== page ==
Reviewed by Melissa Harrison
There’s one thing any review of poet and environmental writer Paul Kingsnorth’s first novel must mention first, and it’s the language. To tell his story of a band of rebel fighters trying to resist the Normans in the years immediately following 1066 (and all that), Kingsnorth has invented a ‘shadow tongue’, an approximation of Old English rebuilt to work for modern readers, but still surpassing strange on the page. For the most part, it means using only words that existed in the years before the Norman Conquest, and only the letters used to make them; there are no capital letters and very little punctuation, either. It’s an extraordinary feat of glossopoeia, echoed by crowd-funded publisher Unbound’s quasi-medieval, spineless binding – but demanding as it is for the reader (and author), the question is: why?
‘The language that we speak is so utterly specific to our time and place,’ says Kingsnorth. ‘Our assumptions, our politics, our worldview, our attitudes – all are implicit in our words, and what we do with them. In order to have any chance of this novel working, I realised I needed to imagine myself into the sheer strangeness of the past. I couldn’t do that by putting 21st century language into the mouths of eleventh-century people.’
He’s right – and while scholars may find the odd fault in his ‘shadow-tongue’, and some readers may simply feel it too estranging, as a bargain entered into with an open mind and a little imagination it pays absolute dividends. Casting you adrift from all your usual signifiers, it leaves you with nothing but the actual words of Buccmaster, a ‘socman with three oxgangs’ in the Fen country, whose voice – grief-stricken, paranoid, violent and visionary – tells the bitter story of England’s subjection, a story that we seem now, strangely, to have largely forgotten:
‘i seen that the names of the focs of angland was part of anglisc ground lic the treow and rocc the fenn and hyll and i seen that when… their place was tacan by names what has not growan from that ground is not of it… then sum thing deop and eald had been made wrong. And though folcs wolde forget cwic the eald gods and the eald places the eald trees and the eald hills these things wolde not forget what had been broc.’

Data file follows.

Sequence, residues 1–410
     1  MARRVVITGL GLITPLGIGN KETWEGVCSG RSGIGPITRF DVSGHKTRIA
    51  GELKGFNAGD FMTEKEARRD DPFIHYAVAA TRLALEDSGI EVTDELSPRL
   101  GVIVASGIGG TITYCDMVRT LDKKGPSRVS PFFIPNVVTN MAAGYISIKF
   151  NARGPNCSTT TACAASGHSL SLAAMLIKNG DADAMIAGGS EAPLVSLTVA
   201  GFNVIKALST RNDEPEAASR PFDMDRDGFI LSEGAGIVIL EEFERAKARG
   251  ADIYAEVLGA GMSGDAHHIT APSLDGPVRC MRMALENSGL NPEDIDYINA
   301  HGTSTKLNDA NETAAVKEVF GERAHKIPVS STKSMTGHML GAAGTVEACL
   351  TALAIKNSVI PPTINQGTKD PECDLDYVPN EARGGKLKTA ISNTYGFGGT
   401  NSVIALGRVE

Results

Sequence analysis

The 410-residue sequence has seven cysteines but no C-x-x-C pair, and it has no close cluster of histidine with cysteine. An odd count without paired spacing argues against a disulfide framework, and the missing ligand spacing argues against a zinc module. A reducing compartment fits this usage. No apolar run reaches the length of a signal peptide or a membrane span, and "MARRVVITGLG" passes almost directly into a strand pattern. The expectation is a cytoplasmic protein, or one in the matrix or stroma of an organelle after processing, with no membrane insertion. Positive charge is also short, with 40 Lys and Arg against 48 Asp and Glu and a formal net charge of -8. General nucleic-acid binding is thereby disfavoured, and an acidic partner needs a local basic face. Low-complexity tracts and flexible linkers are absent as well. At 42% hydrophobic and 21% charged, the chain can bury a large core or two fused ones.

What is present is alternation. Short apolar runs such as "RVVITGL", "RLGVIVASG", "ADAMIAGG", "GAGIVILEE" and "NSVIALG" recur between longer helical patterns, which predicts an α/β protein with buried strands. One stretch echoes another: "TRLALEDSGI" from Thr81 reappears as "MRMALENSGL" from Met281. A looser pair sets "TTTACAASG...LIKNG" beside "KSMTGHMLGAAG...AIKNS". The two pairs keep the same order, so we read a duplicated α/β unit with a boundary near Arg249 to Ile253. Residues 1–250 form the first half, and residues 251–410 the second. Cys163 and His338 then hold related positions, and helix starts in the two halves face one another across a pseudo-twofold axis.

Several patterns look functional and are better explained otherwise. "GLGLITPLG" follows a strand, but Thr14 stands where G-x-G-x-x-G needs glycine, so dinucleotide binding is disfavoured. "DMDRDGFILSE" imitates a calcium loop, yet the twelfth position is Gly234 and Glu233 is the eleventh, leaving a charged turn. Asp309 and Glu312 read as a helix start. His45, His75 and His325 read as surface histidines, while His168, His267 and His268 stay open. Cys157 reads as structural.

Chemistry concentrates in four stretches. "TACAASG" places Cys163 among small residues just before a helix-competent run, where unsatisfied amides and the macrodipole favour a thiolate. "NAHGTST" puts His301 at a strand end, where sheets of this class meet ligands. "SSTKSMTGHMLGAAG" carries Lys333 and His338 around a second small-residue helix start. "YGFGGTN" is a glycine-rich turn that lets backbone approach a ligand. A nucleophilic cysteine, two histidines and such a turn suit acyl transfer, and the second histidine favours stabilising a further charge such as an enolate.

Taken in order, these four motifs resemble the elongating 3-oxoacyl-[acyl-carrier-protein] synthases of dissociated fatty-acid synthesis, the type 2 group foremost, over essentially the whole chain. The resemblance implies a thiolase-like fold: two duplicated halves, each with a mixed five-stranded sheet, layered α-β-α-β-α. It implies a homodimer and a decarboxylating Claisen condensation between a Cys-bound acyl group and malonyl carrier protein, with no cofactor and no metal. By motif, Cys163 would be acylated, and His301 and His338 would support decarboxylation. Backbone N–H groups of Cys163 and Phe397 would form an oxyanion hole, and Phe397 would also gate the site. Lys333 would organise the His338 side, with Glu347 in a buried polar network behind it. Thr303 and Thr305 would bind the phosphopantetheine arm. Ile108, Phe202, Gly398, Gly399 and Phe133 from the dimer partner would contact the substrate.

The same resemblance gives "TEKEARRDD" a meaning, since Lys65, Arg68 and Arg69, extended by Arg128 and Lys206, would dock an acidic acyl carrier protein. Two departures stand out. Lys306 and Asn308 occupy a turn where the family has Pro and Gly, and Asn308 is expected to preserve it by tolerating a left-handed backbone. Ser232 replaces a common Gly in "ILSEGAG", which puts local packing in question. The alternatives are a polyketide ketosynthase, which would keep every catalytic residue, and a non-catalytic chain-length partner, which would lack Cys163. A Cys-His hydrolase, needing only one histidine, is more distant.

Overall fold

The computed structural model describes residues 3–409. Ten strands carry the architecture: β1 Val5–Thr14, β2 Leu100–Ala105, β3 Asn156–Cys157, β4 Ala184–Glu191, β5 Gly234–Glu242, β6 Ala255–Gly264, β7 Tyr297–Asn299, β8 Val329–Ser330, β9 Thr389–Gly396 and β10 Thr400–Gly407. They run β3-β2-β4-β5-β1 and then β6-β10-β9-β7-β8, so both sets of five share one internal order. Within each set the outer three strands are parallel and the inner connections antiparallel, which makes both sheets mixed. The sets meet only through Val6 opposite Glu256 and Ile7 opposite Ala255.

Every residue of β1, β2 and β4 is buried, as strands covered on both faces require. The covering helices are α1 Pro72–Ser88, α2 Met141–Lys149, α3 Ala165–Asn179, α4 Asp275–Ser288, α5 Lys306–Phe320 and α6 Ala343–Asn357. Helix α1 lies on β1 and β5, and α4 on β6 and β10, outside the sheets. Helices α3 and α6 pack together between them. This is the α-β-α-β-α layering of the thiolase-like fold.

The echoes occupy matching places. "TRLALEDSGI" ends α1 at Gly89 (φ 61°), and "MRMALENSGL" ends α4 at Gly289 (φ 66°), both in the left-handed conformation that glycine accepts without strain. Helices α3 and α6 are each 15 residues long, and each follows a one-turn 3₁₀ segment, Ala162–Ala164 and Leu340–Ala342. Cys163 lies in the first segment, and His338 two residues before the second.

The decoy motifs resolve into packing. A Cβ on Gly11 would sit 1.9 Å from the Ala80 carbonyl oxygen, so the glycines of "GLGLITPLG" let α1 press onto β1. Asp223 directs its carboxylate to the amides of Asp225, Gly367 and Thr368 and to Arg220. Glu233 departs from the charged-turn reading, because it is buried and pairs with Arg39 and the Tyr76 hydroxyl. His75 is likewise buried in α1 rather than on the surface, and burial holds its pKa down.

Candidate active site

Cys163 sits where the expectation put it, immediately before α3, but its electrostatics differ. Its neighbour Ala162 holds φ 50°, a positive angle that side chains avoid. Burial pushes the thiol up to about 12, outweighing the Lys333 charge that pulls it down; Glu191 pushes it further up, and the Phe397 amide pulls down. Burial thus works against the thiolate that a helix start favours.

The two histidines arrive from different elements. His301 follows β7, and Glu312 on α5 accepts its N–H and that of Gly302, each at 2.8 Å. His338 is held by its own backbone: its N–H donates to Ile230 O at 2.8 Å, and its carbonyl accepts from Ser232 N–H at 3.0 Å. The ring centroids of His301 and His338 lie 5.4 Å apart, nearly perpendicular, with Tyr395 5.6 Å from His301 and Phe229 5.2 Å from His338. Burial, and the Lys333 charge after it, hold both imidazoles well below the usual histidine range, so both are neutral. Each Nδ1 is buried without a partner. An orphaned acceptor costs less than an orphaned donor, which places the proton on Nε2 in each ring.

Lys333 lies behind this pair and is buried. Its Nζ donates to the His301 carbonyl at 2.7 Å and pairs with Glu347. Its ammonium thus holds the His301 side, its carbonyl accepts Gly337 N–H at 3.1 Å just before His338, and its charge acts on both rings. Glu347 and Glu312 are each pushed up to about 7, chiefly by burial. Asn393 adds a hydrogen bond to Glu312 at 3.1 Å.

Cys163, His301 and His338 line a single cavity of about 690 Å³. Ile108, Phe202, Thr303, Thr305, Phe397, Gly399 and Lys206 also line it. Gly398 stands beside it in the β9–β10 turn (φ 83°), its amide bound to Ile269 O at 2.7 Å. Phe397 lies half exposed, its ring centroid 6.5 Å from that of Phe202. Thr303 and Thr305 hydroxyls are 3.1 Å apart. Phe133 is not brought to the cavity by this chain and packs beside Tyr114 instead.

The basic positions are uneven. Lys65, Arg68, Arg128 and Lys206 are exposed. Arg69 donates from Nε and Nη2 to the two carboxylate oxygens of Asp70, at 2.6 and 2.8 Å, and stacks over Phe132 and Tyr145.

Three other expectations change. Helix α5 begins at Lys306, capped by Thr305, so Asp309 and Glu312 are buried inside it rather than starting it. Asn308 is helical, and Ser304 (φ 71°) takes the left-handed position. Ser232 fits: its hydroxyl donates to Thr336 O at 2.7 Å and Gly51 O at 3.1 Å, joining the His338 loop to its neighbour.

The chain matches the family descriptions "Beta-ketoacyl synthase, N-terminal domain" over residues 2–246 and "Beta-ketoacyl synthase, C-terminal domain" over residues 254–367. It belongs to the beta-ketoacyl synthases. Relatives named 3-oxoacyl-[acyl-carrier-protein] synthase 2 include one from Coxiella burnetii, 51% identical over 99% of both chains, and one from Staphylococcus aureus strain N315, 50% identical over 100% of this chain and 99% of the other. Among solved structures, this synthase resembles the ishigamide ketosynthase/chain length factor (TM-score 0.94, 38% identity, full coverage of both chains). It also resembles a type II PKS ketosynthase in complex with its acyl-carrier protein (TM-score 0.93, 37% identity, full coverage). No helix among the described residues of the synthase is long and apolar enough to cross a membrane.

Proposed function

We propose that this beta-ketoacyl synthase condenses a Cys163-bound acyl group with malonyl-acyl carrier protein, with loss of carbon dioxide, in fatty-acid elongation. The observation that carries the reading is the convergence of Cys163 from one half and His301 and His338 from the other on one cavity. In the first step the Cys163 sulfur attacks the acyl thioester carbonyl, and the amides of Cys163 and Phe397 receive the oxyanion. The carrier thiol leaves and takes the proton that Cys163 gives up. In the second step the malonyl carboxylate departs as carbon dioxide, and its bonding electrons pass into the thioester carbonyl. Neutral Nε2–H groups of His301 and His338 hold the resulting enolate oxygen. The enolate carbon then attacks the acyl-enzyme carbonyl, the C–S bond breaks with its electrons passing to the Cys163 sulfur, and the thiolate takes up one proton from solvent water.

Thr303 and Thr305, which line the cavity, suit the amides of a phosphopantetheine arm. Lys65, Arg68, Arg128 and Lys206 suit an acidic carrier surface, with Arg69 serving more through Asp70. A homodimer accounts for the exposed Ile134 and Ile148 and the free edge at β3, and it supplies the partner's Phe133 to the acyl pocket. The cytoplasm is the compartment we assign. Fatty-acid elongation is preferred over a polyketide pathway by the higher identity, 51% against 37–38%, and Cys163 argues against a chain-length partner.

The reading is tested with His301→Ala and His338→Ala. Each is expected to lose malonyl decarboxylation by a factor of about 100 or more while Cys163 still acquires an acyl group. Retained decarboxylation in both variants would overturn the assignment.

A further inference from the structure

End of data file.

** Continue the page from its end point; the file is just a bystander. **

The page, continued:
As you struggle, at first, to decode the language, you’re forced to imagine each thing it describes, taking nothing for granted: a fiat of defamiliarisation that also leaves Buccmaster with an enormous amount of power to tell the story of his doomed band of fighters his way – because in this unknown territory, stripped of so many of the other ways we’re used to finding meaning, his words are all you have.
And Kingsnorth is far from blind to the possibilities that brings. As an ‘unreliable narrator’, Buccmaster is an accomplished creation, a character who shape-shifts more than once during the course of the book in ways that it would spoil the story to relate. Even at his most sympathetic he is never comfortable company, on more than one occasion collapsing the thousand years between us and him with a word or phrase that lets us know that men like him have always been with us, and always will be.
It’s one of the calling-cards of the book. After only a few pages the mists of the language thin, and what looms from it then is a world that’s both deeply strange and strangely familiar. Sparsely populated with tiny hams and covered in vast stretches of forest, it’s seamed with old Roman roads and scarred by new Norman castles being raised by the invaders. Christ is tentatively worshipped, but the old gods are not forgotten; news moves only at the pace a man can walk and there is no education or written culture among ordinary folk – but while the Fenlanders’ eyes grow wide at the mention of distant Welsh mountains they have never seen and can barely imagine, they also complain that there are fewer eels to be caught than when they were growing up. It was ever thus.
Paul Kingsnorth is a co-founder of the millenarian Dark Mountain Project, and you’d be forgiven for wondering if The Wake would come with an environmental message about mankind’s relationship to his environment, and what happens when a civilisation fails. But although these concerns are both present in the book, Kingsnorth resists easy moralising so that the story (and its characters) are allowed a much more interesting complexity. ‘cilde i has telt thu how the land specs and thu has seen in this ham how folcs has teorned fro it to the hwit crist and this has been the brecan of angland,’ Buccmaster’s grandfather tells him when he is just a boy. ‘it is not in the words cilde it is not in bocs thu moste go to the holt to the fenn sleep by the waters childe in the wuds in the regn do not spec and thu will waec one daeg and the land will be in thu and thu in it.’ Kingsnorth could easily have painted this simply as wise (and rather moving) grandfatherly advice; instead, the reader is asked to question it deeply.
We know how the story ends. We know that the anglisc do not rise up and defeat the ingengas and drive them from the land, and we know, from hints he drops in the course of his narrative, that Buccmaster recalls events from a very dark place, one where he is alone and has nothing. But is he hero or villain, freedom fighter or terrorist? Are the eald gods he communes with triewe, or a manifestation of a country’s trauma and deep need – or merely a figment of one man’s imagination? In its refusal to yield easy answers, Kingsnorth’s extraordinary, unsettling tale of the 11th Century makes not only a surprisingly satisfying novel, but a deeply modern one, too.